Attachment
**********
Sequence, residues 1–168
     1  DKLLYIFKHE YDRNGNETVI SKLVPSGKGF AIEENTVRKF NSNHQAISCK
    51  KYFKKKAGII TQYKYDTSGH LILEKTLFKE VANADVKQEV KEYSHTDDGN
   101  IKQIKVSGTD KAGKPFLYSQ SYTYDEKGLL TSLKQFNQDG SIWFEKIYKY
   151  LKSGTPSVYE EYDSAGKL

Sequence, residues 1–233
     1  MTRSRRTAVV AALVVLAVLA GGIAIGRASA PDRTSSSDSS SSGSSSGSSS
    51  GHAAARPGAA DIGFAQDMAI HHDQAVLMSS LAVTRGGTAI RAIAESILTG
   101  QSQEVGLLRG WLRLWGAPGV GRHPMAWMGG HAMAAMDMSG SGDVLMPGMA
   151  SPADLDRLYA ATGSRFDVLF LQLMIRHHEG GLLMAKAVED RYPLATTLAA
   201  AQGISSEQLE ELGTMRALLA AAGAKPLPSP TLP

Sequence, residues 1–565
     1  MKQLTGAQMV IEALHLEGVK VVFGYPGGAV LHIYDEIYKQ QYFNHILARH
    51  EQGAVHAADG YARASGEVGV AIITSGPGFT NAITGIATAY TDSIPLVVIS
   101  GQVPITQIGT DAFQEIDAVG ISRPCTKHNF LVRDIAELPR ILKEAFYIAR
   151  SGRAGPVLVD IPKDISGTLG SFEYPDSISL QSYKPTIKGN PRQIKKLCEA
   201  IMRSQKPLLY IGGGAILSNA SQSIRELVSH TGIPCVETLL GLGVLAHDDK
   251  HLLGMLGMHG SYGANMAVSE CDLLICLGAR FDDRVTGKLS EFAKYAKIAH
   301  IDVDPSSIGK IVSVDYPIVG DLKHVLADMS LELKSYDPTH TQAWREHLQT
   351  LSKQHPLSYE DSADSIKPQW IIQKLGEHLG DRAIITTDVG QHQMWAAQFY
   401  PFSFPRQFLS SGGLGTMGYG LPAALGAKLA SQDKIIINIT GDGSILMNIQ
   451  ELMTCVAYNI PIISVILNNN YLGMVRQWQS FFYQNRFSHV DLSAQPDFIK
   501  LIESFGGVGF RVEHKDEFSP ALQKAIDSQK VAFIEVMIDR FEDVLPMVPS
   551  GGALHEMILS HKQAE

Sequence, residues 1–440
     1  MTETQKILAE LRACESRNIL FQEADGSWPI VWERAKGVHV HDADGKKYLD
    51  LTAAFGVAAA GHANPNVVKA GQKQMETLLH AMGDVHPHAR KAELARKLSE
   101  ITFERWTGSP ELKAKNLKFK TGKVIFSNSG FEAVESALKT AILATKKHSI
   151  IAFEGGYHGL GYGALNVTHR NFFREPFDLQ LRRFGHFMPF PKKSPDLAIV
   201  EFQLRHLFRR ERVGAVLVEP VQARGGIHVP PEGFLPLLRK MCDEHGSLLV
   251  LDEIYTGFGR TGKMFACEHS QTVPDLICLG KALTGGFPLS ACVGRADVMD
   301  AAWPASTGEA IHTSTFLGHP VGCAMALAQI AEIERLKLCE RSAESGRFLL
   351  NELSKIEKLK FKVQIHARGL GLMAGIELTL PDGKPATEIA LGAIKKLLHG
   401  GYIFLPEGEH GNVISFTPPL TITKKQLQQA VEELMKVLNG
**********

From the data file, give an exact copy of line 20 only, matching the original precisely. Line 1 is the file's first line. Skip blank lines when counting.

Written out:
   351  LSKQHPLSYE DSADSIKPQW IIQKLGEHLG DRAIITTDVG QHQMWAAQFY